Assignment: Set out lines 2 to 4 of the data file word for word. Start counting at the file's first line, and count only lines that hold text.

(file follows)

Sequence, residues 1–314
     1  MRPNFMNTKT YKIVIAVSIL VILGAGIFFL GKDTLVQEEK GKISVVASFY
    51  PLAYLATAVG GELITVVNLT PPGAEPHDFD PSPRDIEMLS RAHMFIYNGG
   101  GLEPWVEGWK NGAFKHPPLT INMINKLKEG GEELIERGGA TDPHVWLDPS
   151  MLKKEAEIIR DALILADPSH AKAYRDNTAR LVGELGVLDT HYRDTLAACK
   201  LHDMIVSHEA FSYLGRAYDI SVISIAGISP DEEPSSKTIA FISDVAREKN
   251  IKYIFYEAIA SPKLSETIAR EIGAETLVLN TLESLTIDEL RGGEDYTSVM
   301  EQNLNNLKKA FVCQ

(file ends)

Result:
     1  MRPNFMNTKT YKIVIAVSIL VILGAGIFFL GKDTLVQEEK GKISVVASFY
    51  PLAYLATAVG GELITVVNLT PPGAEPHDFD PSPRDIEMLS RAHMFIYNGG
   101  GLEPWVEGWK NGAFKHPPLT INMINKLKEG GEELIERGGA TDPHVWLDPS